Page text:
Navigating the pathways of sexual health and pleasure can be a mine field for many of us, but whilst there is plenty of information and guides available for the LGB community, the trans population is often left in the dark— especially if they’re experiencing gender dysphoria.
Gender dysphoria encompasses the feelings of anxiety and discomfort that trans people can experience regarding their sex assigned at birth. Not every trans person experiences gender dysphoria, and for those who do, it can be more or less intense depending on the day.
Whether it’s the ongoing process of learning how to communicate your needs or having frank and formal discussions about your sexual health, when your body is incongruent with your identity, exploring it with curiosity and desire can be extremely tough and daunting. But don’t get discouraged. You can and should enjoy sex even if you’re experiencing gender dysphoria.
Understand That Gender Dysphoria Is Different For Everyone
One of the most important things to know about gender dysphoria is that it can vary in intensity from person to person. Some people may feel very intense dysphoria about much of their body, some can feel dysphoric about specific part of their bodies, others may only feel a small amount of dysphoria and other may experience none at all.
Dysphoria not only varies from person-to-person, what a person feels dysphoric about can change between sexual encounters, or even during a single encounter. For example there may be times when a person’s dysphoria is so strong that it’s all they can think about during sex and any acknowledgment of certain areas of their body can cause distress. However, on other occasions that person’s dysphoria can be less intense and they many feel more comfortable with the same parts of the body.
Communication Is Key!
When navigating gender dysphoria with sexual partners, open, honest and clear communication is crucial.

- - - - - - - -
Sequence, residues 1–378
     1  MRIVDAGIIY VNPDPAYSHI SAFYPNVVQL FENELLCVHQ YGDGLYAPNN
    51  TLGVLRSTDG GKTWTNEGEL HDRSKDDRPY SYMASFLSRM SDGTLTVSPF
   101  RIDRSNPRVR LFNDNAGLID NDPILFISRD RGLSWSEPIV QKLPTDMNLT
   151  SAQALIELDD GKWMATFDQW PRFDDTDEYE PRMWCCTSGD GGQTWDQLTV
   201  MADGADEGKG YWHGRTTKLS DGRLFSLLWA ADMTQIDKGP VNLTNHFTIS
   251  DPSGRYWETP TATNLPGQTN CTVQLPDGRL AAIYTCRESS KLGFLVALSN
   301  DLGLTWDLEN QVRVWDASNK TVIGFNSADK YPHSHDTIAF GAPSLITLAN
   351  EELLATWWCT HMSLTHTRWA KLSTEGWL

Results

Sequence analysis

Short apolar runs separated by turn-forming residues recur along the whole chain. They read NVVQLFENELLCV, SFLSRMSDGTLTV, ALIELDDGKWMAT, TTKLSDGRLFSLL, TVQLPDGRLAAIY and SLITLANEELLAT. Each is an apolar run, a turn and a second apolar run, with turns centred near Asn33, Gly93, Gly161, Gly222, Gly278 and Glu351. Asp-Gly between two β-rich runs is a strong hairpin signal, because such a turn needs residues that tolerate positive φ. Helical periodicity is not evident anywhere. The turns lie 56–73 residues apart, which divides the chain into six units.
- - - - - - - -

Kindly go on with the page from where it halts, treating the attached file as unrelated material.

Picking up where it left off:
If you prefer to wear certain clothing during sex such as a chest binder or use specific language to refer to various parts of the bodies for example gender neutral terms or certain gender specific language establish this before sex begins.
Set Clear Boundaries
Consent and setting boundaries regarding where you feel comfortable being touched are the most important parts of making sure sexual encounters are safe and fun for everyone involved.
Setting clear boundaries on where everyone feels comfortable being touched also creates an environment where everyone can explore and discover what makes them feel good.
Practice Active and Ongoing Consent
Active and ongoing consent means checking in regularly with all partners involved during sex to make sure that they are still comfortable with what’s happening.
Since gender dysphoria is not static, sexual acts that felt good at one point may not feel good later on.
All A Bit Daunting
Discussions about communication and consent can sound daunting, but when it comes down to it, all it really means is that you care about how your partner feels, and it shows that you’re not willing to put your wants over their wellbeing and comfort.